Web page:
Nigel Roebuck's Legends

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Money talks but Niki Lauda still said goodbye to Brabham and Formula One – despite a massive incentive to stay

Andretti, Villeneuve, Reutemann, Scheckter, Jones, Piquet, Pironi, Patrese, Laffite, Arnoux, de Angelis; there was a good spread of mature and youthful talent, you would have to say, in Montreal for the 1979 Canadian Grand Prix. Such as Rosberg and Mass failed to qualify. And so, too, did Niki Lauda — but this was by design.

Niki was going through a strange period in his life. Three years earlier he had survived a life-threatening accident at the Nürburgring, had come back to racing only six weeks later, and very nearly retained his world championship. In 1977, he’d won it back — then promptly renounced Ferrari and accepted Bernie Ecclestone’s offer to go to Brabham. All very Niki.

Since making the move, though, there had not been much in the way of success and, for a man accustomed to several victories a year, that had been hard to take. He had won twice in 1978, but in ’79 there had been nothing. The Brabham-Alfas were usually quick but unreliable, and Lauda’s motivation was on the wane. Not so his team-mate Piquet, of course: in a top team for the first time, Nelson was up for anything.

Some wondered if Lauda had been detuned by the birth of his first child earlier that year. Niki scoffed at that: the arrival of Lukas had made absolutely no difference to the way he felt about his work.

No, it was his attitude to the job itself which had changed. It had become stale. Lauda wondered how to get some zest back into it, and hit on the idea of demanding a retainer quite ludicrous by the standards of the day: two million dollars.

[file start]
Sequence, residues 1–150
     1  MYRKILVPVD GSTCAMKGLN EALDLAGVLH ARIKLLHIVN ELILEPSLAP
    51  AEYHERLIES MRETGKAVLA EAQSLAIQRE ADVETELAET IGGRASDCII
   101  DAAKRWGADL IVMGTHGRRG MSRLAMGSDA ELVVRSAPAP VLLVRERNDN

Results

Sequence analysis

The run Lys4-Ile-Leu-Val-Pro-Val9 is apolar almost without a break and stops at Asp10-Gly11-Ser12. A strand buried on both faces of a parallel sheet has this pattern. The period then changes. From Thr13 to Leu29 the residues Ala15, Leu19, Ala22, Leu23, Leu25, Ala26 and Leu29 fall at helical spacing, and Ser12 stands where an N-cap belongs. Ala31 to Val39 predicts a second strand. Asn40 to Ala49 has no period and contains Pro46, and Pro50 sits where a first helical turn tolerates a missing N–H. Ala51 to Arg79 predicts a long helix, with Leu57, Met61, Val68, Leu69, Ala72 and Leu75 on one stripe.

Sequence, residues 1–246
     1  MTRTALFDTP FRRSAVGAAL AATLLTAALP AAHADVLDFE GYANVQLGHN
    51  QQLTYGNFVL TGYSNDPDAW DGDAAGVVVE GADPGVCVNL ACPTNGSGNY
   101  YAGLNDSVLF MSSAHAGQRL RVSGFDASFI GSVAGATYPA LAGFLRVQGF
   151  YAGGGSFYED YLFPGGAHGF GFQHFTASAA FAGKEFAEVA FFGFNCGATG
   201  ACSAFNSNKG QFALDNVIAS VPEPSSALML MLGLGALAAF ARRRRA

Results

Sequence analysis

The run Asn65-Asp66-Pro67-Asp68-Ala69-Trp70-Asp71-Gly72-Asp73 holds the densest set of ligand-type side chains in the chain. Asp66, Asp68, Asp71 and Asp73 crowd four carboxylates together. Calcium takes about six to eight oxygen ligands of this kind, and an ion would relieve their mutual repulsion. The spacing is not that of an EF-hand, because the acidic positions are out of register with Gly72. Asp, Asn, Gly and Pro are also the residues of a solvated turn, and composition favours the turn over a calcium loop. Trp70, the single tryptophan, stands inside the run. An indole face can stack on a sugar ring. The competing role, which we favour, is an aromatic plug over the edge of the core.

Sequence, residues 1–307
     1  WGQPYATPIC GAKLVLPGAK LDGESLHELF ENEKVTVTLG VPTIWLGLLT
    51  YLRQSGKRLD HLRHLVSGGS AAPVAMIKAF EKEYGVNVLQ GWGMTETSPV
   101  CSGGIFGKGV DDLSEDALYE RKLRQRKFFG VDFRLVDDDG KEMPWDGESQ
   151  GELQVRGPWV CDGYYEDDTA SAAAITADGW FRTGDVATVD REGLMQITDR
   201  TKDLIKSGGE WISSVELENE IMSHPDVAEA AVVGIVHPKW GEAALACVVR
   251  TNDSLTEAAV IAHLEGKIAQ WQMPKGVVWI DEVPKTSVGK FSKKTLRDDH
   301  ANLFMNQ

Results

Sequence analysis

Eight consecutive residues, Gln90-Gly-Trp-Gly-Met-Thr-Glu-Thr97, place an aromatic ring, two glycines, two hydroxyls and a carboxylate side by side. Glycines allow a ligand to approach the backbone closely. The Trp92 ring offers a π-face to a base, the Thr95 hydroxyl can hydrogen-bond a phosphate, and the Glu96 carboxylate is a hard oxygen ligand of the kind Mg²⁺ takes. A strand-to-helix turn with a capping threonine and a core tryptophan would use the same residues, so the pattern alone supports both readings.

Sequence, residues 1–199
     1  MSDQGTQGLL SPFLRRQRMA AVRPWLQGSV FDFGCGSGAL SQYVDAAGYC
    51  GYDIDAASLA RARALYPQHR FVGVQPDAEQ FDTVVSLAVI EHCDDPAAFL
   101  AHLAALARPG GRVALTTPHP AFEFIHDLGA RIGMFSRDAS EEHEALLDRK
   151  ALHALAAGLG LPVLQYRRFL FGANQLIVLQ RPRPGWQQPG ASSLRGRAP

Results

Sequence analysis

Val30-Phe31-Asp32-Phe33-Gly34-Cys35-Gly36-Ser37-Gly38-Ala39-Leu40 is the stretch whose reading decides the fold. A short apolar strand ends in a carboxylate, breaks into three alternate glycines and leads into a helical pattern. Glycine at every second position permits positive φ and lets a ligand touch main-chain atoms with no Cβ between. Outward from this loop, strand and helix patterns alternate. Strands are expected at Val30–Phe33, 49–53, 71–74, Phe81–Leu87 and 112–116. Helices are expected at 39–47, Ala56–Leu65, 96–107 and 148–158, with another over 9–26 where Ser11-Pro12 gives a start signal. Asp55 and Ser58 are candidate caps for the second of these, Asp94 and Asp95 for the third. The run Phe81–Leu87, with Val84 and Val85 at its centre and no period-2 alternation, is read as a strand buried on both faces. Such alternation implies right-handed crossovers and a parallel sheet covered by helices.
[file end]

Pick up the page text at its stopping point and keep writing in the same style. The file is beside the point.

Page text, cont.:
Ecclestone is not renowned for parting with a quid when 90p will do — five years later he would let Piquet leave for Williams rather than pay him more than $1m — but on this occasion he knew the value of Lauda to Brabham’s major sponsor, Parmalat. Over a period of months there was many a discussion about money, but Niki was immoveable, and ultimately he got his way. It was a battle he enjoyed more than any on the racetrack that summer. Problem was, once won, it was over — and Lauda realised it had made no difference to his jaded feelings.

Still, in September he went off to Canada, where a new car awaited. The flat-12 Alfa motors had produced good power, but too many times they had blown apart, and for 1980 it had been decided to revert to Cosworth DFVs. This being so, Gordon Murray was able to design a new car much smaller and neater than its predecessor, and it was ready for the last two grands prix of 1979, Montreal and Watkins Glen.

When Lauda saw the svelte BT49 he knew it was the answer, but still it failed to stir him, and when he drove it in the first practice session his feelings didn’t change. On the one hand, he could appreciate it was nimble and light after the BT48; on the other, the V8 felt coarse and uninspiring after the flat-12. After a quarter of an hour, Niki came in, clambered from the car, and went at once to speak to Ecclestone. He wanted to stop — and right then.